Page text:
Badou finally made his way out the door and towards his car, silently noticing Eliot following close behind. This time Eliot truly was wielding a knife, and Badou could he soft sobs whimpering from him. Badou continued to his car. Suddenly, Eliot lunged at him with the dull blade, and Badou caught his arm, struggling with him to the ground, near where Eliot saw Old Sammy lose his life. But Old Sammy wasn’t there. Instead, a crushed Heineken bottle rested before his raging eyes when Old Sammy himself, came up rubbing against the wrestling men, butting them hard with his loving head and shaking their bodies with his loud purr. Eliot immediately rolled off of Badou and onto the grass. Old Sammy was now between the two men, cleaning hi face. Smiling. Badou hopped up onto the hood of his car looking down at Eliot, “Friend, what the hell is your problem?”

Eliot began to sob, “I thought you killed my cat.”

“That cat?” Badou pointed to Old Sammy.

“Ye-es,” Eliot screeched out through his tears.

“Why would I kill that beautiful creature? Why, friend, would you think I killed your cat.”

“I thought you hi- hit him with you ca- car.”

Badou sensing the danger was gone, hopped off of his car next to Old Sammy, scratching him gently behind the ears, “No, friend. A beer bottle. And it retaliated. I could use some help changing my tire if you think you’re up to it.”

And Old Sammy watched then wandered off. Eliot and Badou took a look at him as he sauntered back into the garden, and his tabby fur began to lighten to a strange translucence, then took on an electric glow of pastel lighted colors as a fiber-optic fantasy in psychedelic patterns. “Did you see that?” Eliot asked Badou.

“I’ve seen that and a whole lot more, friend. What matters is that he’s let you see that now. And now, you have to decipher the meaning.”

“The meaning of what?”

“Exactly.”

//

Just finished reading Gary Vaynerchuk’s book “CRUSH IT!”

Gary Vaynerchuk puts his story out there–in every way imaginable. People refer to him as everything from brilliant and a powerhouse to a thought leader. Sounds like publicity hype? Don’t worry, there are a few out there who find him to be loud and crass, too.  Truthfully, he’s a little bit of all those things, and that’s what makes him great! My opinion, he’s on-fire passionate and that passion is contagious–he spreads it on liberally to anyone who cares to pay attention. Not only is he passionate–he’s knowledgable. He’s knowledgable about his trade: wine, and he’s equally if not more knowledgable about his audience and how to connect with them in a meaningful way. This shows in everything… EVERYTHING he does. Watch him on winelibrary tv, read his Tweets, his book, watch him during an interview or best yet, watch him speak in public.

Gary Vaynerchuk

If you’re not familiar with Gary yet (I’m a little surprised), check out some of his sites: http://garyvaynerchuk.com/; http://tv.winelibrary.com/;  http://vaynermedia.com/ http://crushitbook.com/

You may have noticed the fact that I have not yet mentioned that Gary is best-known for being a social networking rockstar. This wasn’t an unintentional omission. I’m getting to it, I promise. In reading “CRUSH IT!,” it provides very clear steps and recommendations on how to develop a brand, cashing in on your passion, and using the web and social networking platforms. He would know, he’s done it with a level of mastery that outshines most anyone’s. He also nows which mediums best suit his particular style and recommend other styles Yet, while the book is very descriptive about methods and platforms–I believe the greatest value in the content isn’t in those chapters. It’s the stories. It’s Gary’s stories that connect with you, that bring you inside his world and offer you the privilege of seeing the world, for a moment, through his eyes. These stories also project Gary’s sincere commitment to motivate you, the reader, to work to spend your life doing what you love. Put your family first and your work second. Hustle and CRUSH IT!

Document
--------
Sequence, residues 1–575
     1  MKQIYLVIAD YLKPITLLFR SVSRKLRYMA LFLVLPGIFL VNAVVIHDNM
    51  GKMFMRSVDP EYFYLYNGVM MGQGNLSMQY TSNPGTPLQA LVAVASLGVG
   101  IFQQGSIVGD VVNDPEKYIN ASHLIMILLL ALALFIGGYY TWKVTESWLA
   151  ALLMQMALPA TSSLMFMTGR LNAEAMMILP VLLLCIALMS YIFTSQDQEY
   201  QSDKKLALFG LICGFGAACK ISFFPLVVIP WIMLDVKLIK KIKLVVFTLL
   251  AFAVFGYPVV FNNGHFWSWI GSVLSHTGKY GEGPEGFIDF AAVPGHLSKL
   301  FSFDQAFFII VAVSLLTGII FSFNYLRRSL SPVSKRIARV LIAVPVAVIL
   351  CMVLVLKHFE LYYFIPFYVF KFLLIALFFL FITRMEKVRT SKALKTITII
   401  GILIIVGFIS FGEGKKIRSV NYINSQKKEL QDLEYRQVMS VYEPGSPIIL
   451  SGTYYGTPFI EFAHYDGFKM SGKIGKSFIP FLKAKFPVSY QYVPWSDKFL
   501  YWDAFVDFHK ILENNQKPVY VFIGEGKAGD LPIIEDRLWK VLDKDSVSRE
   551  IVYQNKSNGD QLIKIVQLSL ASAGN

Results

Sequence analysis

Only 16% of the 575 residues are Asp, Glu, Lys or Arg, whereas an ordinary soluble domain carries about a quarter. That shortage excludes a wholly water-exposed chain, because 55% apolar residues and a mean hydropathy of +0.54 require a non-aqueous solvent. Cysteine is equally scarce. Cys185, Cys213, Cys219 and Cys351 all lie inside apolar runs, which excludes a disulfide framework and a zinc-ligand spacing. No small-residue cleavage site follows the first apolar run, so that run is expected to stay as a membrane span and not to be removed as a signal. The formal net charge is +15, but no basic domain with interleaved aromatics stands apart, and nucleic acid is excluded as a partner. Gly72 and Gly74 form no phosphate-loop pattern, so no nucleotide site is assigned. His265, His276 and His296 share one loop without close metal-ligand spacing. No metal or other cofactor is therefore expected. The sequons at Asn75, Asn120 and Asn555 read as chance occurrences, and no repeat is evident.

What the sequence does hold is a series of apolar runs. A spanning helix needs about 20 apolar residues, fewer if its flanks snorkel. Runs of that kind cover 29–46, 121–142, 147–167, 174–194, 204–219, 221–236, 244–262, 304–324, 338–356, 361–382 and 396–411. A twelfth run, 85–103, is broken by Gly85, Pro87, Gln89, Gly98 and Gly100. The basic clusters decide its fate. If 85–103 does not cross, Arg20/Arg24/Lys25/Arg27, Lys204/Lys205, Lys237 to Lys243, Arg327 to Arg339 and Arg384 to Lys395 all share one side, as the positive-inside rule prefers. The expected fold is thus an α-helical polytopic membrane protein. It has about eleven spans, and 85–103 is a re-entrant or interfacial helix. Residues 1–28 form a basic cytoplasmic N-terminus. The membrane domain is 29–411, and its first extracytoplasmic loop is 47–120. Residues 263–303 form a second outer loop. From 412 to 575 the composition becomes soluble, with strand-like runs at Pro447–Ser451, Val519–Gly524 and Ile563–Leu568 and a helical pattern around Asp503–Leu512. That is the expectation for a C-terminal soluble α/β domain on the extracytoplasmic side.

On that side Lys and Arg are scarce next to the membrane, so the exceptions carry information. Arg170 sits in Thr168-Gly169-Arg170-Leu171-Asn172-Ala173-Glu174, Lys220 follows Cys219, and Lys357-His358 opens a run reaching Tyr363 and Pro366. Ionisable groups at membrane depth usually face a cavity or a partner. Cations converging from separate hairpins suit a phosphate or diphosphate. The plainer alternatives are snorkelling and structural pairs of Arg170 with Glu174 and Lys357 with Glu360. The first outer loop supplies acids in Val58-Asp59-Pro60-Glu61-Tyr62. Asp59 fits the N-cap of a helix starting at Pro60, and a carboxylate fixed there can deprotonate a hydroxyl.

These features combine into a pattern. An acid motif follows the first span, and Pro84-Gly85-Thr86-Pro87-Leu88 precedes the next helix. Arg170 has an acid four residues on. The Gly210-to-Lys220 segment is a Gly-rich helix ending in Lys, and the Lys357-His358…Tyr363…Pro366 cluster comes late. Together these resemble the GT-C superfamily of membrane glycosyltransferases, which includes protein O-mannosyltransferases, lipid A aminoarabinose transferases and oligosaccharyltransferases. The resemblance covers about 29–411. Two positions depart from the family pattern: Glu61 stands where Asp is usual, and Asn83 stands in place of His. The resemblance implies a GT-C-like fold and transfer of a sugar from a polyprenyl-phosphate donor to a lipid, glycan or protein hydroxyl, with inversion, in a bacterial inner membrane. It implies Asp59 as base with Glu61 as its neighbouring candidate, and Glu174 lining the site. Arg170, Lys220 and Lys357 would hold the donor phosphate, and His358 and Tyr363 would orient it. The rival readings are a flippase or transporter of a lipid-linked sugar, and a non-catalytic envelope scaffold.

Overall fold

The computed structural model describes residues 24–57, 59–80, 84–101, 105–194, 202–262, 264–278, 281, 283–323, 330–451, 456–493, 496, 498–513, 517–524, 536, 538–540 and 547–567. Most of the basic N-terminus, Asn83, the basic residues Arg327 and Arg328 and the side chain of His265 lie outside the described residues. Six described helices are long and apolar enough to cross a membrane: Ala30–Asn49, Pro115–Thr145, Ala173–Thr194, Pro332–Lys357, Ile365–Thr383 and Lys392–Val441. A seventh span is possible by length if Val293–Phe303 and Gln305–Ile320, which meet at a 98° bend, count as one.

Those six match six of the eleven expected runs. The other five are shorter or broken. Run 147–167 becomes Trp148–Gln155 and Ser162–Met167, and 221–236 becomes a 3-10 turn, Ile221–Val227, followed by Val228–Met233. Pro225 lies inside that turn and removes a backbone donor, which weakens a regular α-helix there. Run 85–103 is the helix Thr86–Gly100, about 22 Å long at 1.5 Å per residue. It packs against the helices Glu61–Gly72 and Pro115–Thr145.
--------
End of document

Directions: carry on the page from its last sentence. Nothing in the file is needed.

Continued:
I realize that this may sound a bit more like a marketing post than a book review. That’s okay. I assure you that while I follow Gary on Twitter, I do not know him, and I am not necessarily even endorsing his book. Really, I’m not. Because “CRUSH IT!” isn’t for everyone. It’s not for the guy who thinks “good enough” is perfectly fine. It’s not for the person who enjoys going to work in an office everyday and doesn’t like to stand out from the crowd. But, if you’re reading this blog, “CRUSH IT!” probably is for you. Just my guess.

Truthfully, not everyone is cut out to do what Gary does. He talks a lot about DNA and being true to yourself. Personally, I know my DNA. Neither of my parents worked for other people for very long. Most of their life they were free agents, creating opportunities, networking and making things happen for themselves, their family and community. I realized that I was living waaaay out-of-synch with my DNA for a long time. Far too long. And this wake-up-call lead me to where I am now, working my tail-end off to design, create and live my next chapter in life. For more about this, please check out www.expatwannabe.wordpress.com.

But that’s me. Sincerely, not everyone is cut out to be an entrepreneur at all or even cut out to develop a personal brand to boost their value in their industry and job market. I will say that if starting a business doing something you love has you researching the web late at night, following and commenting on blogs on a subject you love, if you have a deep passion that you love to talk about or write about, and you find yourself thinking and dreaming about fulfilling a dream, an ambition, you’ll want to buy a copy of “CRUSH IT!” Who knows, it might inspire you to write a blog post that sounds a bit like a marketing piece, too.